Willow Pattern Story, The-Alan Drummond

  • Title: Willow Pattern Story, The
  • Author: Alan Drummond
  • Released: 1992-09-01
  • Language:
  • Pages: 32
  • ISBN: 1558581715
  • ISBN13: 978-1558581715
  • ASIN: 1558581715


From Publishers Weekly The author's childhood fascination with the classic blue and white willow pattern on a jug owned by his parents inspired this absorbing and distinctive story told within the willow pattern itself. Drummond begins by visually orienting his audience above a willow pattern cup and saucer, drawing readers around and into the intricate design as he tells of a star-crossed Chinese couple, Koong Shee and Chang. Gradually, the pattern's various elements are brought to life: the pagoda is Koong Shee's home; the bridge and boat are the means by which the pair escape the wrath of Koong Shee's father, who opposes their match and ultimately captures them; and the hovering birds become the lovers, eternally reunited after their deaths. The curved borders at the bottom of several pages serve as subtle reminders of the story's backdrop, but Drummond overcomes this potential restriction by elaborating on it for dramatic effect. One particularly striking spread portrays the lovers imprisoned by Koong Shee's father by being pushed off the center of the page/plate into the bordering maze. An afterword details the pattern's history. This ingenious use of uncommon source material may inspire readers to watch for hidden stories in everyday objects. All ages.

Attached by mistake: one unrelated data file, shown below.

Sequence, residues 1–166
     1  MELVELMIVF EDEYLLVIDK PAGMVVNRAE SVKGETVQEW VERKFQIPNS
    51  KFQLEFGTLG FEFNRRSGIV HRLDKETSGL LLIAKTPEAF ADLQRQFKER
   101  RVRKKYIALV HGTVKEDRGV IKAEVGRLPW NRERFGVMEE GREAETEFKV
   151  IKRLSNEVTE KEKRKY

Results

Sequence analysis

Copyright 1992 Reed Business Information, Inc.

From School Library Journal Grade 1-3-- Drummond relates his version of the story depicted on the willow pattern china. It is a tale of star-crossed lovers eventually put to death by the maiden's vengeful father and reborn as doves eternally kissing above the painted landscape. The author/illustrator re-creates the feel of the pottery art with his predominantly pale blue-and-white gouache and pencil illustrations. However, for children who have not seen a willow pattern plate, the idea will remain obscure. The story, invented in the 1800s to fit the picture on the china, has traditional, folkloric elements but lacks a sense of authenticity. It sounds like an advertising ploy, and this retelling doesn't salvage it. While adequately written, it won't generate much interest. --Karen James, Louisville Free Public Library, KY
Copyright 1992 Reed Business Information, Inc. pdf